I received my Masters in Public Health from Johns Hopkins in 2006. I took a course on transportation safety where we focused on designing roads for safety, making airlines safer, and decreasing the risk of medical helicopter crashes.
In 2007, I worked for Public Citizen, Ralph Nader’s consumer advocacy group. Ralph’s book, Unsafe at Any Speed, forced the automobile industry to focus on converting their cars from steel death traps to smart machines teeming with airbags, safety belts, and crumple zones. As a result, millions of lives have been saved all over the world and automobile companies now advertise and compete based on safety. And in just the last fifteen years, our highways have gotten much safer:
But what struck me most in my public health training was the deep codependent relationship public health has with the medical world. Understandably so, public health has traditionally been mostly about epidemiology, biostatistics, and medical services. In fact, the accepted definition of public health is:
the science and art of preventing disease, prolonging life and promoting health through the organized efforts and informed choices of society, organizations, public and private, communities and individuals.
But the next generation of public health won’t involve the medical world. We’re currently seeing large companies like Google enter the health space. Google Health believes that “better health comes from better information” and “you should have easy access to your own health information – anytime, anywhere.” While this is a worthy mission, Google is very much missing the mark. I’m not aware of any evidence that access to medical data or everyday wellness data changes long-term behaviors or a population’s health outcomes.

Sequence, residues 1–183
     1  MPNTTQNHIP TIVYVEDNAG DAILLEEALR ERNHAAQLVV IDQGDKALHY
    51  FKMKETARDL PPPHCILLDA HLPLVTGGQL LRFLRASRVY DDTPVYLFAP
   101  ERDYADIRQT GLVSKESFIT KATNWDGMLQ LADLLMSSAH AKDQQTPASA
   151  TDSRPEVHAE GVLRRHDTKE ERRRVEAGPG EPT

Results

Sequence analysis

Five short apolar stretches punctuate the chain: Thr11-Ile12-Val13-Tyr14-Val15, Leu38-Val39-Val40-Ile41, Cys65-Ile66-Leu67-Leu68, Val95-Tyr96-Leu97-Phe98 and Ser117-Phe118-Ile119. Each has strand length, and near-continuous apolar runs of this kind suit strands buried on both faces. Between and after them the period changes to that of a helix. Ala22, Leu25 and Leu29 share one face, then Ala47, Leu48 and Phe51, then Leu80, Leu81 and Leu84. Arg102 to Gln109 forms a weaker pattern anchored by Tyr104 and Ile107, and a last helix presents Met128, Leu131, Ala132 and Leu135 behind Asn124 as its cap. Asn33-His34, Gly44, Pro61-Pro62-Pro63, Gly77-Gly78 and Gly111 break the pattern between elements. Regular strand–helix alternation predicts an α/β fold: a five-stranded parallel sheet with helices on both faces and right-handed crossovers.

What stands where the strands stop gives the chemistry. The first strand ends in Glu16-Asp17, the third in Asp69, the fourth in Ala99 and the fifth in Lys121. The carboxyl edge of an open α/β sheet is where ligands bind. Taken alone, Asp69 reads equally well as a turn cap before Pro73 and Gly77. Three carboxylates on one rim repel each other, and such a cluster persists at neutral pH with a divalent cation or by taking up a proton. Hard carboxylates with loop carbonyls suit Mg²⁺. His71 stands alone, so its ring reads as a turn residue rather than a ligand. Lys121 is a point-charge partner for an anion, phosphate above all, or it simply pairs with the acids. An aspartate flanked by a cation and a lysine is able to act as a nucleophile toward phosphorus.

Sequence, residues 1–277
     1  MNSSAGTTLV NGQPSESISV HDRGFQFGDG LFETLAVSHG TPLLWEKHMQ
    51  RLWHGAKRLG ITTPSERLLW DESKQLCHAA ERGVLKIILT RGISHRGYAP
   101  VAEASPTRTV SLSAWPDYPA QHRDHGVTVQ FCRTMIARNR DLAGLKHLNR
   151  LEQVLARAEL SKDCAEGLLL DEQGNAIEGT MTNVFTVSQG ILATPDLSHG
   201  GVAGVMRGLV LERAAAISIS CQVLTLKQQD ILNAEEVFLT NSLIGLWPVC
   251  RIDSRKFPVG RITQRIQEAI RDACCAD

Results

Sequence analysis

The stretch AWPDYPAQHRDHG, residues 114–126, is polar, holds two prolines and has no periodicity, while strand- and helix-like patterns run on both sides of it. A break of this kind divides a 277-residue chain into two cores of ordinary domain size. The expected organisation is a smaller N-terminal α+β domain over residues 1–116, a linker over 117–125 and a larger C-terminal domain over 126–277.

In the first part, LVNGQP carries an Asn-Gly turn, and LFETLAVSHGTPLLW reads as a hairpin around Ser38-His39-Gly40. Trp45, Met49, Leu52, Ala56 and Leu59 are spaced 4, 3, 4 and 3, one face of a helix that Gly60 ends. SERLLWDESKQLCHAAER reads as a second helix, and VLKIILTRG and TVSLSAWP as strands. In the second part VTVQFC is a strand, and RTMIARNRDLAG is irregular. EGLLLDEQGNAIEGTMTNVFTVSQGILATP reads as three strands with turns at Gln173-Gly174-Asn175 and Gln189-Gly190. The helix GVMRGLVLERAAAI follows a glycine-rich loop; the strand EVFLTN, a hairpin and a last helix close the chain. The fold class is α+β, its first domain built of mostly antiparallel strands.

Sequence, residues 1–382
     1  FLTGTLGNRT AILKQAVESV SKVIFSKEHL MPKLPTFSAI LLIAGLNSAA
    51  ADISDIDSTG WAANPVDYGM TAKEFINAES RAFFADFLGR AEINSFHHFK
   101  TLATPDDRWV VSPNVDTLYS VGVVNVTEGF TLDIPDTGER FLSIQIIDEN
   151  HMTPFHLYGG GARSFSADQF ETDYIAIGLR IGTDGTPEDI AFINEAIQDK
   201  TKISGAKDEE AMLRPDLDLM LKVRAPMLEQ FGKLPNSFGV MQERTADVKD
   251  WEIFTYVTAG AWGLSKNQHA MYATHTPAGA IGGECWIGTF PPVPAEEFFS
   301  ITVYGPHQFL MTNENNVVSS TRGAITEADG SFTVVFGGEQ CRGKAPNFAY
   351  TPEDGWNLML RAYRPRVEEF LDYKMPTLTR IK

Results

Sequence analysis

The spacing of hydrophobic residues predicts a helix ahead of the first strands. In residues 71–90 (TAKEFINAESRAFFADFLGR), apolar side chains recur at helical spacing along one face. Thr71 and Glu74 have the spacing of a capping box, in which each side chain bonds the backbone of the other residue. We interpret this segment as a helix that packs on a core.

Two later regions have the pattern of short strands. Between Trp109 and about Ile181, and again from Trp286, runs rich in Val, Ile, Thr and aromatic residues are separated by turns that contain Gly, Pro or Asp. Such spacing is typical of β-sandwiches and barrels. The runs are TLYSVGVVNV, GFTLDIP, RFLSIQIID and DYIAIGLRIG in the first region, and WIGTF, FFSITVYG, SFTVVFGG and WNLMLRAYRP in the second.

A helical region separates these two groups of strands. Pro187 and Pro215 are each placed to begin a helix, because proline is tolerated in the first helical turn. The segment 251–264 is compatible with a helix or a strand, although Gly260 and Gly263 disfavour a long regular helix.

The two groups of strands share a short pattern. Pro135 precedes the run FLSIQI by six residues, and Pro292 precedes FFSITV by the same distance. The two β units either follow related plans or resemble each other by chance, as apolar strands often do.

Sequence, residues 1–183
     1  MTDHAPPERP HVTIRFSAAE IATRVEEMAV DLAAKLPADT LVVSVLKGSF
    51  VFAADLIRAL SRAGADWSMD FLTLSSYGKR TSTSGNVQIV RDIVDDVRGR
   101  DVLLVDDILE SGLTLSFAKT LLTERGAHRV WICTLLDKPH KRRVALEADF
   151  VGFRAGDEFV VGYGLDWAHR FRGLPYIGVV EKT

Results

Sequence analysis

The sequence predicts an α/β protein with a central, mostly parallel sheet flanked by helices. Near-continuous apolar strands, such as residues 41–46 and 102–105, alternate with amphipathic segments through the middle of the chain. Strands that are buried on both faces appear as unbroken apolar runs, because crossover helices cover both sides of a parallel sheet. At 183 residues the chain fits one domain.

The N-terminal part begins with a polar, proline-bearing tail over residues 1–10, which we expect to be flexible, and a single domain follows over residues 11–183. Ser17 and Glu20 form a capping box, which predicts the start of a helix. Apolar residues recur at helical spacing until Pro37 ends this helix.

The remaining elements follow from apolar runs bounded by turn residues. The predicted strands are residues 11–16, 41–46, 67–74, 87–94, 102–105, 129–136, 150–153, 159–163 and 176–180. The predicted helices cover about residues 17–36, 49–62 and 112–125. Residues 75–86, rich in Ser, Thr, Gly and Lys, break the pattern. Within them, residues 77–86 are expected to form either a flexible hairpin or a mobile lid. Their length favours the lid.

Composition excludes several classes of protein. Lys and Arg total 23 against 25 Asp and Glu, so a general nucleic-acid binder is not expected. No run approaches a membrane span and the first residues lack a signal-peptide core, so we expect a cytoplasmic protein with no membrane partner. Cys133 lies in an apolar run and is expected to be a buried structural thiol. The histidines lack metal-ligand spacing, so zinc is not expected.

But Google is working on a much, much more important initiative that, if successful, could be one of the greatest contributions to public health the world has ever seen– data-driven, crash-proof “brains on wheels“– self-driving cars that aware of the road, of other cars, and of passengers. Imagine a world where the highways are as safe as the skies (45,000 planes take off and land every day in America).
This is Public Health 2.0– data-driven, technology-enabled, real world solutions that take an active risky everyday behavior and turn it into a passive, nearly error-proof experience. Public health innovation won’t come from your local woefully underfunded and understaffed public health department. Public health revolutions will come from tech companies that have almost zero connections to medical care.
Jay Parkinson is a pediatrician and preventive medicine specialist and founder of The Future Well. He blogs at his self-titled site, Jay Parkinson + MD + MPH.
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